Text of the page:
Kennedy COVID Protocols are Contradictory and Ineffective
By Lily Rusk, Clarion Editor in Chief
Since schools reopened in Fall of 2021, the issue on many minds is whether or not students will be safe from the spread of the virus, especially in a large environment. Schools have made efforts to control the situation. Various protocols have been instituted by school districts to address mitigating exposure to the Coronavirus, including social distancing, vaccination, and masks.
Social distancing is crucial in reducing the spread of COVID-19. One of the ways Kennedy enforced this was eliminating lockers, as well as instituting a ban on eating food and drinks in hallways.
In theory, these could be helpful steps; however, in actuality, social distancing is not being practiced by students. This is because students spend the majority of their time in-between classes crammed into hallways. While Kennedy protocols prohibit students from eating in hallways, some teachers allow their students to eat in classrooms, which defeats the very purpose of not eating inside. Due to a lack of teachers and substitutes, students were gathered in the auditorium for several weeks, without social distancing. This undercuts the notion that it was necessary to remove lockers in order to social distance if in general social distancing is not being practiced.
The regulations seem, at times, to be illogical and confusing. Vaccinations are said to be mandatory in schools; however, this mandate is not entirely what it seems. At Kennedy High School, only 63% of students are reported vaccinated as of 2/18/22. This is a frightening statistic as the unvaccinated are more susceptible to catching and spreading Covid-19, sometimes asymptomatically. Unvaccinated students are tested regularly at school – but in many cases, by the time they receive a positive test, the window of time in which to effectively contain the spread will have significantly diminished, which puts other students at risk.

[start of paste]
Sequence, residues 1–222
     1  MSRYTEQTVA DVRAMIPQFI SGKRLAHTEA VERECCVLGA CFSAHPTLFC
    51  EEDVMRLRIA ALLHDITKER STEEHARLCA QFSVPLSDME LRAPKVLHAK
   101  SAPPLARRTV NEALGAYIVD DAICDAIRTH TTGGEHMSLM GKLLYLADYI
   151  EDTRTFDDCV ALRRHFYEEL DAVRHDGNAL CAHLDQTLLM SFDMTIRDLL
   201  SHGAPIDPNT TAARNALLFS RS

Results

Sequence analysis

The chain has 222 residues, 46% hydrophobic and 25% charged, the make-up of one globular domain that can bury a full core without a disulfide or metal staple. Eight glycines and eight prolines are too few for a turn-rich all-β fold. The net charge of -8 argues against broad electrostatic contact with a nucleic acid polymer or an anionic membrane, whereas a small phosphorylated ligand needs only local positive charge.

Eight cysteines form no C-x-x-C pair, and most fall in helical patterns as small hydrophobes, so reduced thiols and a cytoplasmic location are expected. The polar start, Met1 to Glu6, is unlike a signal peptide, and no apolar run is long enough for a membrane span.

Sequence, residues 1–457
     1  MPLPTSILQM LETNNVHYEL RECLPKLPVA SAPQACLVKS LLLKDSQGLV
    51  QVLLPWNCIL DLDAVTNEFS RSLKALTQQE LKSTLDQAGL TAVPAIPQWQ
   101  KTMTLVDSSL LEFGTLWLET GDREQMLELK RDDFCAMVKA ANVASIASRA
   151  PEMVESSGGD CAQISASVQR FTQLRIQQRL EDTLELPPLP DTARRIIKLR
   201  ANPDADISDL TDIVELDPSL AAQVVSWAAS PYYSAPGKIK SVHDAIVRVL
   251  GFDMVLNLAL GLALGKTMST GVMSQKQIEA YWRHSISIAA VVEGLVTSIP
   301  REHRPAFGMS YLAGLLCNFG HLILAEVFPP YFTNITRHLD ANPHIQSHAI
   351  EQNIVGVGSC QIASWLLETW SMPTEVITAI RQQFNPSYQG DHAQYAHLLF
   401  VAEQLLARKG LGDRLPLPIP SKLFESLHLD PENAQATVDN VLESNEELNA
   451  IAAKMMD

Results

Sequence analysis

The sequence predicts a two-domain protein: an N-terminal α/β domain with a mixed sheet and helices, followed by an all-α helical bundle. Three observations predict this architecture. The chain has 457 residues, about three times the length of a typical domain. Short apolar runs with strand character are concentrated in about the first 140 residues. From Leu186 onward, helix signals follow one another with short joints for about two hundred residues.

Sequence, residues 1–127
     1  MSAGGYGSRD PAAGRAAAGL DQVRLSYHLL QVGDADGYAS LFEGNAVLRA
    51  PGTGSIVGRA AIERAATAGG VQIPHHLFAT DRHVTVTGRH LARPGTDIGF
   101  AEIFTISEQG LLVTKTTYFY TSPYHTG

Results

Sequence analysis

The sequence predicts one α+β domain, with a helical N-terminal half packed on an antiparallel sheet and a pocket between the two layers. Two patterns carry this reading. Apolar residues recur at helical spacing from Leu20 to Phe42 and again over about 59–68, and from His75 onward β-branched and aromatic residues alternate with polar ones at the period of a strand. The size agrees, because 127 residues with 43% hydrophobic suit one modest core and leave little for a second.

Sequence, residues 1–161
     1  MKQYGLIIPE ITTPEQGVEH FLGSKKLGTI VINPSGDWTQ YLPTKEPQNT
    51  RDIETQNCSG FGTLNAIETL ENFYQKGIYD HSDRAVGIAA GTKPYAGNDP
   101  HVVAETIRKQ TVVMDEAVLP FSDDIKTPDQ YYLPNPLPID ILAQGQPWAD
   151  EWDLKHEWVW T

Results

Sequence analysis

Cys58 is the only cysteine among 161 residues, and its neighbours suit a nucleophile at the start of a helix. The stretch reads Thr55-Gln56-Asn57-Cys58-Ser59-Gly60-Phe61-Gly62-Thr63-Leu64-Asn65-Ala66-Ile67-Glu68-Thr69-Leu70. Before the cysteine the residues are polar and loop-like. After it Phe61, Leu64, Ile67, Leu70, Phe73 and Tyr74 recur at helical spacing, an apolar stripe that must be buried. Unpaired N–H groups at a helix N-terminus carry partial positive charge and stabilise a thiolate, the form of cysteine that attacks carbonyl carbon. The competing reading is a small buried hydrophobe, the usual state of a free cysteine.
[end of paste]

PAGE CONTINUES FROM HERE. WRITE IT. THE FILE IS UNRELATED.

While masks are currently mandatory at school, that doesn't seem to stop many from attending school without one. It is unclear what, if any, sanctions exist for violating the rules. Some schools in the Sacramento area no longer require masks including the Roseville Unified School district; however, SCUSD has kept the requirement in place for now. As of March 12, California will no longer require masks in schools, but counties and school districts can keep the rule if they wish. The current restrictions may appear reasonable, but in practice, many are contradictory, inconvenient, and even useless.
Signs in hallway showing protocols to prevent the spread of COVID. Photo by Lily Rusk, Clarion Editor in Chief